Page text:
Sometimes it occurs to me that the people around me still eat chickens, cows and pigs. And it weirds me out. Really? People still eat meat? Who do I think I am, right? And how did I get into this ivory tower, anyway? I took an Environmental Science 101 course my freshman year of college. In our textbook, there was a paragraph breaking down the amount of acreage needed to raise livestock compared with growing vegetables,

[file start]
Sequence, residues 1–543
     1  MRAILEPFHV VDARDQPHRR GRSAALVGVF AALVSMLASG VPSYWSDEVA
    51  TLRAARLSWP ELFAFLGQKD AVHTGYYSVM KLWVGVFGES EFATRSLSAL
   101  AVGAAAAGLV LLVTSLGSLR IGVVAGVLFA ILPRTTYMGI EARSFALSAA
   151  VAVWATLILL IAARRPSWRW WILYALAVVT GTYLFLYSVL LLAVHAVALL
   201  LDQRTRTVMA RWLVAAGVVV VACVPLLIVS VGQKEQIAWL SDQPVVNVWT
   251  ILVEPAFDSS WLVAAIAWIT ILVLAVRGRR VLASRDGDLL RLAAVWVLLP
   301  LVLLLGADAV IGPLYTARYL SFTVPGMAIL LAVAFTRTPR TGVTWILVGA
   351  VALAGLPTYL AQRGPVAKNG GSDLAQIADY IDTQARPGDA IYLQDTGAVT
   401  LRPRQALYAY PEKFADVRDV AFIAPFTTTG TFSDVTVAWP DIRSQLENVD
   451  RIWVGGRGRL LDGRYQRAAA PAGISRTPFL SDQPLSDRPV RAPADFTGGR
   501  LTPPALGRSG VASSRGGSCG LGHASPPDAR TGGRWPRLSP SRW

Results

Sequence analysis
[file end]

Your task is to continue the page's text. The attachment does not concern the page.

and the amount of people that are fed by each. That to feed the same number of people, you would need, say, 10 acres for livestock to roam on and another 10 acres required to grow food to feed to the livestock, versus the 10 acres required to grow food to feed directly to us humans. So I made a logical decision to do less harm to the environment, and to spread the food wealth a little to give poorer nations a better chance to not starve. As with most conservation-minded initiatives, vegetarianism is as much a humanitarian endeavor as it is an environmental one. The reasons I remain vegetarian have expanded since I made this commitment. A plant-based diet is healthy, for one thing. I’m not here to explain the ins and outs of iron or B12; you have other sources like this blog for that (but protein is literally in everything – ask anyone with a kidney disorder and they’ll tell you how hard it is to avoid protein). And hey, look at me! I don’t take vitamins yet I haven’t been sick in over a year and, most importantly, I have a lot of energy. I’m a normal, functioning human being even though I haven’t eaten meat in 13 years. Let’s get real now. What makes me sad when I realize that the people around me are eating actual limbs of actual animals is that I know that most of them have animals at home. Or they knew animals as kids. And yet the gap is so vast in people’s minds – the gap between the animals we love and the animals we eat. I know, I know – we’re at the top of the food chain! We can do whatever we want! We have dominion! Meat is delicious! But with freedom comes responsibility, right? Man is separate from animals, but what separates us? It’s our critical thinking and self-control. And it’s our morality; we have the ability to think about whether what we are doing is ethical. Our greatest quest as a species should not be our dominion over this planet, but our stewardship of it. Most people have seen a cat get scared when the garbage truck rolls by, or a dog whimper in pain when its tale is accidentally stepped on. And yet they can’t superimpose those same qualities – wit, loyalty, fear, pain – onto a cow or a pig. Or they do, but they would rather eat bacon anyway. We have the self-control to do what we want, not just what we feel like. Our bodies have the ability to operate on either an omnivorous or an herbivorous diet. With these choices, with these abilities – why would we choose to eat animals when we can choose not to?